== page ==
How to Find a Job After You Quit Your Job to Travel: When You Return

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I returned to the United States last September with a sense of urgency. After being on the road for 13 months, I figured I had enough in the bank to last me a couple months, but I didn’t even want to wait that long to start working again. As I discussed last week, I started my job search before I even returned. However, my efforts on the road paled in comparison to the nearly full-time effort I put into it once I was back home.

Within two weeks of coming home, I had an offer to consult on a temporary basis and within a month, I had an offer (albeit one I did not ultimately accept). By the time Christmas rolled around, I had three more offers and was solidly on my way to becoming gainfully employed again.

How can you make this happen for you? Everyone’s job search will be different, but here is the advice I would give on how to find a job after a career break based on what worked for me after I returned from traveling for a year:
 

Ask for help – lots of it.

 
As soon as I got back, I sent a variety of emails to almost everyone I knew about my job search. I customized them a bit based on where people lived and what they did, but I basically outlined what I was looking for and just asked for any contacts in the relevant fields. The response was incredible! I had more potential contacts than I knew what to do with! While none directly led to a full-time job, I got a better feel for the fields I was considering, learned about organizations in which I could have an interest in the future, discovered one great volunteer opportunity and found a couple leads for freelance social media consulting.
 

Be realistic about your salary expectations.

 
You may have downsized quite a bit as you prepared to leave on your career break, so chances are you might be able to get away with making a bit less than you did in the past. Do the math and figure out what your absolute minimum is.  While you don’t want to undervalue yourself, lowering your salary expectations can open up additional possibilities. For me, while I knew I could afford to go lower than what I made previously, I also knew I had a bottom limit due to still having student loans and a mortgage to pay.  I didn’t waste my time pursuing jobs that I knew would pay too low.

If you are relocating, check out Craigslist for apartment listings and look at Salary.com to compare cost of living between your old city and your new home. I was initially excited to have a shot at a job in San Francisco, but when I realized that the salary it offered would barely allow me to rent a tiny studio apartment in a crappy neighborhood, I recoiled. Luckily, I figured that out before accepting the job and moving cross-country for what would have been a struggle just to make ends meet.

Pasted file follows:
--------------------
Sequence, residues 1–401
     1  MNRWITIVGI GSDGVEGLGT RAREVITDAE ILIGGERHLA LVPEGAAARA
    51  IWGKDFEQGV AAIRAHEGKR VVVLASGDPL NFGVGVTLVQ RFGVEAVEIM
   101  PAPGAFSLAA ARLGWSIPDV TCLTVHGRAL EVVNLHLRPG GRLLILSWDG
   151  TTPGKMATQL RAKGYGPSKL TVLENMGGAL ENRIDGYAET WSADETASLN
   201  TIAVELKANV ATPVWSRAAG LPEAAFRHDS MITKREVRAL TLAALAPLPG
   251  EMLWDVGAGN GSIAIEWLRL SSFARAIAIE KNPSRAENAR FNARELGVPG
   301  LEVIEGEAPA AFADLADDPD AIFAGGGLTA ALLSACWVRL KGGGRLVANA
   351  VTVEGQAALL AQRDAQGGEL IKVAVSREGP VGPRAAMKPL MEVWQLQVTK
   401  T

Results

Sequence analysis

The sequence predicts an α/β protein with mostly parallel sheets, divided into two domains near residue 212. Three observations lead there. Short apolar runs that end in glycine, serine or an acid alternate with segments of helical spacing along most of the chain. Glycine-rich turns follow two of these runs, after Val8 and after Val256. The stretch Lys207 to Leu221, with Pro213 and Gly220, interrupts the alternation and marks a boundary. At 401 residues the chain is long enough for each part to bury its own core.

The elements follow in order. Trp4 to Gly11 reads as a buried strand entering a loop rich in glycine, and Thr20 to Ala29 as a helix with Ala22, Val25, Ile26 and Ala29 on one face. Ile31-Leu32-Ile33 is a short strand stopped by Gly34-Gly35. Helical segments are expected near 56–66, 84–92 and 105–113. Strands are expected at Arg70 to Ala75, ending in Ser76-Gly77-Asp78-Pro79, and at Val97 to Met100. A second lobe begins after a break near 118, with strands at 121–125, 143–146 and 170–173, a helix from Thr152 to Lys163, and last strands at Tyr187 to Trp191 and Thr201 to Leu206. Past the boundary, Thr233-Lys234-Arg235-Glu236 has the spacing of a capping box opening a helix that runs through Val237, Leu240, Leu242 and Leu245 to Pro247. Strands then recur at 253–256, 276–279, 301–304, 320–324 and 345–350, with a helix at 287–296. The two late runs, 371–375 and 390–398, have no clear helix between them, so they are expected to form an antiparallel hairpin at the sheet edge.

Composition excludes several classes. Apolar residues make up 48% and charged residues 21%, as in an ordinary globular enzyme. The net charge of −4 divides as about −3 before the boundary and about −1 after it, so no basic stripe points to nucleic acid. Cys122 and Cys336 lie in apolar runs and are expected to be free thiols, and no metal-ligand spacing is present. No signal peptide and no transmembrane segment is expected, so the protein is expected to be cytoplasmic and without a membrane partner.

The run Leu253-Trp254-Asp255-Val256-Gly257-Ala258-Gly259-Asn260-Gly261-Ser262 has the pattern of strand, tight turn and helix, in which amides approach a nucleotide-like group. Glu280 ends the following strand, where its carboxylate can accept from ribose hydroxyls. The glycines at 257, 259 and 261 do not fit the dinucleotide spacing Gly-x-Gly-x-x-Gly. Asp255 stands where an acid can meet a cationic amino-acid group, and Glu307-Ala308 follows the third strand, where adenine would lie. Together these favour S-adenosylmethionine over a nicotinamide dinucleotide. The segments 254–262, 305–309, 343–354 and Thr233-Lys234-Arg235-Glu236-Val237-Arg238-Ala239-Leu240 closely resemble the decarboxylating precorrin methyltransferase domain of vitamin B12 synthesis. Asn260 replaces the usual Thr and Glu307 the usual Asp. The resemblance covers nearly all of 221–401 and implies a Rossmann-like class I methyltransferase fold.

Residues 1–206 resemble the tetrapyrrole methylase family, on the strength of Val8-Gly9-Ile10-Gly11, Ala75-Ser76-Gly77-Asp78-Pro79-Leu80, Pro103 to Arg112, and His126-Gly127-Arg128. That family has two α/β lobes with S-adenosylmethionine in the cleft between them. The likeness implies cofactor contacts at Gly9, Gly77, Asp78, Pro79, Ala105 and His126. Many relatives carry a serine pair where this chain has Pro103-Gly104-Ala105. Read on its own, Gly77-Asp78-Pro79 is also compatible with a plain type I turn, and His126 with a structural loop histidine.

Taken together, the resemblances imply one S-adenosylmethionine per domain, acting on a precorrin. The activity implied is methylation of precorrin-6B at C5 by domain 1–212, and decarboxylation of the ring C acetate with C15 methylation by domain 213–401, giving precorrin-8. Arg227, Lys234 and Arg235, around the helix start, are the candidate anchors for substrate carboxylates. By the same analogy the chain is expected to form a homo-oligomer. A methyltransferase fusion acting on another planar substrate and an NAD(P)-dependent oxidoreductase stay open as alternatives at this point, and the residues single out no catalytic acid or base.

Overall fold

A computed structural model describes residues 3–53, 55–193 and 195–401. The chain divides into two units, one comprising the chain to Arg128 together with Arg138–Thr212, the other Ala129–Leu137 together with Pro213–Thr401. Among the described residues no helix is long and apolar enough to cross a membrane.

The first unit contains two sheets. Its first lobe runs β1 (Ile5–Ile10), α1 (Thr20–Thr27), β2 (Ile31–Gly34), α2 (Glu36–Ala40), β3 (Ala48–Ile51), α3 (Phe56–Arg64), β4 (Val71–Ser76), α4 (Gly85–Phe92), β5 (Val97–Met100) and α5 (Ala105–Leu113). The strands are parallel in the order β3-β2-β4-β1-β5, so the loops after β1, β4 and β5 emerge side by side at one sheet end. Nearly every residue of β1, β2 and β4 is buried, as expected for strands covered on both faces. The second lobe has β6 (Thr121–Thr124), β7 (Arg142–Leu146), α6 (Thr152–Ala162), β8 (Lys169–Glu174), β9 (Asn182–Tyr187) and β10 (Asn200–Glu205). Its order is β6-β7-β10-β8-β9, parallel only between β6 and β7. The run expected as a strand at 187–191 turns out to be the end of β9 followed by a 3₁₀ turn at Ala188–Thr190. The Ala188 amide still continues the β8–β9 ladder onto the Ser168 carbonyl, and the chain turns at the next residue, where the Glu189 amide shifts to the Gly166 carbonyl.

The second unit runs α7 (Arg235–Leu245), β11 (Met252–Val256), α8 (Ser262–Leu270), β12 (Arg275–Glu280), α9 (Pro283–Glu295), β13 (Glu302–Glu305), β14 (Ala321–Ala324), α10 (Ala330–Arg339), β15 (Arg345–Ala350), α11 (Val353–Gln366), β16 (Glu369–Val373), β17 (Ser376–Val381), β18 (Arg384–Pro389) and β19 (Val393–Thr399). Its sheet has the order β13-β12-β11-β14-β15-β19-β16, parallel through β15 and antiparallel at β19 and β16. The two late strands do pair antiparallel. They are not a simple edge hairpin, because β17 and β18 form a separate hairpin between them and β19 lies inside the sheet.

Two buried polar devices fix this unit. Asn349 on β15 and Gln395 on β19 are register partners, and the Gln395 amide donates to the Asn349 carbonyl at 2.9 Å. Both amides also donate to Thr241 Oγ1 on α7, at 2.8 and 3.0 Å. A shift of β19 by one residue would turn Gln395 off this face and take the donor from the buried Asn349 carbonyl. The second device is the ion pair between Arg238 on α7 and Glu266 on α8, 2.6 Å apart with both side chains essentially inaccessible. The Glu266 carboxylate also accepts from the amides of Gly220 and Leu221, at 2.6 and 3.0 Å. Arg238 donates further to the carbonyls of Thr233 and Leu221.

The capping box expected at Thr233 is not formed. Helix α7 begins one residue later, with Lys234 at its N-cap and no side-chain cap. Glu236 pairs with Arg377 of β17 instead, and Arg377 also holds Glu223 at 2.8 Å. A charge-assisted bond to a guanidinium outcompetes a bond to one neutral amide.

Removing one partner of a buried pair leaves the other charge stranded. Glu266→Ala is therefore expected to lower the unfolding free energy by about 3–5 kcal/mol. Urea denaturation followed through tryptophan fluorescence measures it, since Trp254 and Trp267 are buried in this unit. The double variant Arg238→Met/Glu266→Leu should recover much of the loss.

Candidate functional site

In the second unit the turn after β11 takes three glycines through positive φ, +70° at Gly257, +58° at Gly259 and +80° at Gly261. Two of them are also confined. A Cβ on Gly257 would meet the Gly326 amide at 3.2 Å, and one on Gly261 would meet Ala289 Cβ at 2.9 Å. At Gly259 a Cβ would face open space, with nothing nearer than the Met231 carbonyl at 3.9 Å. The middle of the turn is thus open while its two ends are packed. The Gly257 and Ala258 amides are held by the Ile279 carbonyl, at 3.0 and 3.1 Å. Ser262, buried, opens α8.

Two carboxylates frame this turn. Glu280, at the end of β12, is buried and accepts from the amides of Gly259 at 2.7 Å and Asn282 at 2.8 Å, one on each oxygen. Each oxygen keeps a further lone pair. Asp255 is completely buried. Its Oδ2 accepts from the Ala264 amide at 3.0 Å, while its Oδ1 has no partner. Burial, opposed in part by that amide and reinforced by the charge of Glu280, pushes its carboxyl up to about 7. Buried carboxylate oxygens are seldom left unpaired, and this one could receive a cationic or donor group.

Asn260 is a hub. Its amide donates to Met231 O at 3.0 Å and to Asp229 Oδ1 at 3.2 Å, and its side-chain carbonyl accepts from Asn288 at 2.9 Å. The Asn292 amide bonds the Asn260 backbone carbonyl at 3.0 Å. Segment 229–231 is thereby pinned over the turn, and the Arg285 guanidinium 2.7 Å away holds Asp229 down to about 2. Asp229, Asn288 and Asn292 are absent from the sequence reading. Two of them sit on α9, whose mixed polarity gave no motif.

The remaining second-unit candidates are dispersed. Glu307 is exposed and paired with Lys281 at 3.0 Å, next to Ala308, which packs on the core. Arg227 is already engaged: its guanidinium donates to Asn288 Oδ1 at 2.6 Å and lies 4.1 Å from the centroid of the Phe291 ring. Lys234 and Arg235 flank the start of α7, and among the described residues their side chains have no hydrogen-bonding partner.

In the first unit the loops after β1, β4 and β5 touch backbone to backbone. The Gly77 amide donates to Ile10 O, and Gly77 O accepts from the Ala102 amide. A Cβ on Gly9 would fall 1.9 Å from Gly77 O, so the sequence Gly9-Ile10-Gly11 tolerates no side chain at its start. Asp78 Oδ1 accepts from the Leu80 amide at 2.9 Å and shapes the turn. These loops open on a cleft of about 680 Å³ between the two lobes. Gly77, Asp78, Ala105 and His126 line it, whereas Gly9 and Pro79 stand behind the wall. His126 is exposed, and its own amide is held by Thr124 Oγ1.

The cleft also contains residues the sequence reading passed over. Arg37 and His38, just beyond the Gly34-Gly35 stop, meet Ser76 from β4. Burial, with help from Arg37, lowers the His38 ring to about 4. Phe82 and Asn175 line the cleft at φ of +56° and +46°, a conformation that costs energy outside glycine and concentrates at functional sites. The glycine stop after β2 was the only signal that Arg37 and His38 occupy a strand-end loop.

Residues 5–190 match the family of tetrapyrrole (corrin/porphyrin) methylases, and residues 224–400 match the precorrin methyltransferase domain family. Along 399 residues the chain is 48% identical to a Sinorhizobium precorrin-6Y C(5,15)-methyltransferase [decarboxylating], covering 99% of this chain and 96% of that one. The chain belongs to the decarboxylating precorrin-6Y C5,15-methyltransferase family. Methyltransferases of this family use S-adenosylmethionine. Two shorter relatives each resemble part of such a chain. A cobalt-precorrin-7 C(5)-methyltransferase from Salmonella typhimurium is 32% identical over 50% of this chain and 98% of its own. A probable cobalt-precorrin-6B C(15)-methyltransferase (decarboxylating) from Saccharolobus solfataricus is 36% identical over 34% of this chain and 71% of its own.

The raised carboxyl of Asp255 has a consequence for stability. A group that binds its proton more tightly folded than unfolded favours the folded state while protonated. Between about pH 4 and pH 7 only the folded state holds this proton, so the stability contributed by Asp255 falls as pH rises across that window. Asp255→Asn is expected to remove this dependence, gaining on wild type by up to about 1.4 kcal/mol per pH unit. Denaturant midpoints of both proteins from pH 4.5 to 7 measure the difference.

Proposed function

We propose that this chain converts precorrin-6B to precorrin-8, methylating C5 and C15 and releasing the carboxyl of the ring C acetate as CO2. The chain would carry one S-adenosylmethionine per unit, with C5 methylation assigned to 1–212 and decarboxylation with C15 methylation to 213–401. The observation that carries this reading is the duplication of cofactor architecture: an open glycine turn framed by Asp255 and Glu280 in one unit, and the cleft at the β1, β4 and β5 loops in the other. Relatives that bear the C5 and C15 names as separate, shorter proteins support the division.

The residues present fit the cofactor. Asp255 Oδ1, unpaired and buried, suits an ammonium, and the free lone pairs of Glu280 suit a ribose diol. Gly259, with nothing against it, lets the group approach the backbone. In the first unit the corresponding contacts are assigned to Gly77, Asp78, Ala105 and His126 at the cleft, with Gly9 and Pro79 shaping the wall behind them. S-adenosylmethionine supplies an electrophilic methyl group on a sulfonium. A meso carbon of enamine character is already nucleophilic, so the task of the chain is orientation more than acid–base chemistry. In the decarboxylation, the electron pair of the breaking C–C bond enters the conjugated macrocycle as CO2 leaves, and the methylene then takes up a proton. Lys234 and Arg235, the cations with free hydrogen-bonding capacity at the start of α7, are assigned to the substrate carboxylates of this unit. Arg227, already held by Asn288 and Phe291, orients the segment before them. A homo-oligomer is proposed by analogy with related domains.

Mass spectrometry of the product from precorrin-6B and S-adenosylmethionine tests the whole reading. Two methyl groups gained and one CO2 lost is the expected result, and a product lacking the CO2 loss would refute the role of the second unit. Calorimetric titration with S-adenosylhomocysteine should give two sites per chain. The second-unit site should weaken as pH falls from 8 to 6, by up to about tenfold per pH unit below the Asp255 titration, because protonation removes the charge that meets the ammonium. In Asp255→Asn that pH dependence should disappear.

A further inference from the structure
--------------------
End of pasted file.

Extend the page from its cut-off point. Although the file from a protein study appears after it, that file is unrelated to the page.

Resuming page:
Keep an open, positive mind.

 
Approach your job search as a learning experience – one that could even be enjoyable! I went into every networking meeting and every interview with an open mind, figuring that at worst, I would discover what didn’t interest me or what I didn’t want to do. It was through talking to a lot of people that I narrowed my initial search from three general areas to two more specific ones. I completely eliminated the travel industry as an option, even though that was what I thought I wanted to do when I left on my trip. But after talking to several people about the realities of the industry, I felt comfortable acknowledging it wasn’t for me.
 

Customize everything.

 
You need to tailor your resume and cover letter to each position for which you apply. Go through the required job qualifications and make sure you demonstrate that you meet each one. Use the same language in the job posting. Don’t assume the person reviewing your resume will make the connection that the work you did in one area qualifies you to do another type of work – show them.

And it isn’t just what information you include – it’s how you include it.

I started my resume with a section for relevant experience, followed by a section for other experience. When I applied for jobs in alumni relations and fundraising (my old field), I listed my last position first. After all, it was the most relevant. But when I applied for jobs in the travel industry, I started off with my overseas experience, including my time volunteering with the national tourism board of Armenia, my position with Meet, Plan, Go! and my travel blog. I took it even further with my cover letter, specifically customizing everything to the particular job for which I was applying.
 

Own your travel experience.

 
Don’t shy away from your experience. Highlight it on your resume – you need to explain that gap anyway, use the opportunity to brag about the skills you developed. Be ready to explain with confidence why you left when you did. Be prepared to articulate what you learned and how the experience will make you a better employee. I didn’t encounter a single occasion where my travel was addressed as a negative – my eventual employer did express concerns about my “restlessness” – but, hey, I got the job anyway!
 

Don’t be afraid to turn down an offer if it’s not the right fit.